Going Beyond Data Literacy

Going Beyond Data Literacy
By Hassan Saad | March 2, 2022

Implementing a Data-Driven Approach

During the United States’ occupation of Afghanistan, several data-intensive tools have been developed to address problems plaguing the US-Afghan military coalition. Many have proven to be quite effective and have promised to bring an increased level of sophistication to systems that were previously relying on somewhat antiquated technology. In August of 2021, however, Taliban forces overtook Afghanistan upon the US military exit, and the tools meant to protect its citizens became a potential source of harm instead.

Ghost Soldiers

One of the tools developed consists of a database called the Afghan Personnel and Pay System (APPS). It hosts information about every member of the Afghan National Army and Afghan National Police, which is collected on the first day of their enlistment. In an effort to fight the common issue of “ghost soldiers,” the US military helped fund the development of the APPS (it’s important to note that it was not directly developed by a US-based organization/ subcontractor), to ensure that Afghan military and police salaries were being legitimately paid rather than lining the pockets of corrupt officials.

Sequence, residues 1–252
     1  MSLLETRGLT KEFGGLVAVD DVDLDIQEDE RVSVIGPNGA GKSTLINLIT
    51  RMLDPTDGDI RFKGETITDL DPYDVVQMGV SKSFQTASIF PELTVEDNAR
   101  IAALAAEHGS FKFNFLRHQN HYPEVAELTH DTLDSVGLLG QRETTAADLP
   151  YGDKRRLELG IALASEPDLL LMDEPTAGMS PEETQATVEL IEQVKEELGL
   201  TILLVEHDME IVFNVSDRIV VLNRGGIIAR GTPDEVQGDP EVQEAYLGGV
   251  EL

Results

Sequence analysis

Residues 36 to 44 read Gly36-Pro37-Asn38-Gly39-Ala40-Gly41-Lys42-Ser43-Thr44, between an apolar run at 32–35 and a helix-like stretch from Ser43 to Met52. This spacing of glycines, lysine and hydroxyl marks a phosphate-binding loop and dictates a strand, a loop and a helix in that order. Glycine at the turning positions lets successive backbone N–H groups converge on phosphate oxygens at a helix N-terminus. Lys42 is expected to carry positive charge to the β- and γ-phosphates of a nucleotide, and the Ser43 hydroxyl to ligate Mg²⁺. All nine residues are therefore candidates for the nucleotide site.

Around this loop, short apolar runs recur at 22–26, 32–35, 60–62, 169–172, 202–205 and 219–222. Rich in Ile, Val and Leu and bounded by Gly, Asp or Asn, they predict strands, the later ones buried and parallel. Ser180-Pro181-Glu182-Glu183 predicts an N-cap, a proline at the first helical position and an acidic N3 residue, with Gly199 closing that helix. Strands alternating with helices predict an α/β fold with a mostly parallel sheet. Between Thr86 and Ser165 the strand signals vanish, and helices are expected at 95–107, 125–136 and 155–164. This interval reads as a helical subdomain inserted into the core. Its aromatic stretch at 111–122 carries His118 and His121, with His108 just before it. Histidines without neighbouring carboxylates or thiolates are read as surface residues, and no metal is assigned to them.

Curiously, the data is not limited to features that are relevant in the context of a payroll system. Data points such as “favorite fruit” and “uncle’s name” are combined with about 40 other features including salary, blood type, address, etc. The inclusion of unnecessary information makes it clear that data collection limitation was not a concern when developing the APPS. Furthermore, it establishes that there was no consideration of the risk associated with including secondary subjects within the dataset. Both these elements highlight the inexperience with which the APPS was developed despite the extremely sensitive nature of the underlying data.

The APPS is stored on an Afghan-managed database, which made it easier for the Taliban to access the information when they overran Kabul’s government buildings in 2021. To make matters worse, it’s not clear whether the payroll system considers any deletion or data retention protocols, which means it could contain records spanning back to the system’s creation in 2016. The Taliban has said that they will not use the data in retaliation against active and former coalition forces; however, many subjects still fear retribution for themselves and their family members whose information also resides in the APPS.

Is Data Literacy Enough?